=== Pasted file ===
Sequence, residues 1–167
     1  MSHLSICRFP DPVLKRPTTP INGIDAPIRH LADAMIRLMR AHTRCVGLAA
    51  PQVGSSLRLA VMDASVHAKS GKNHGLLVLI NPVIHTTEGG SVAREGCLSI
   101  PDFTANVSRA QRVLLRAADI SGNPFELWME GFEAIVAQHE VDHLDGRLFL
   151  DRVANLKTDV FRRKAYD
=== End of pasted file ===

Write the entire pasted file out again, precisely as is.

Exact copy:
Sequence, residues 1–167
     1  MSHLSICRFP DPVLKRPTTP INGIDAPIRH LADAMIRLMR AHTRCVGLAA
    51  PQVGSSLRLA VMDASVHAKS GKNHGLLVLI NPVIHTTEGG SVAREGCLSI
   101  PDFTANVSRA QRVLLRAADI SGNPFELWME GFEAIVAQHE VDHLDGRLFL
   151  DRVANLKTDV FRRKAYD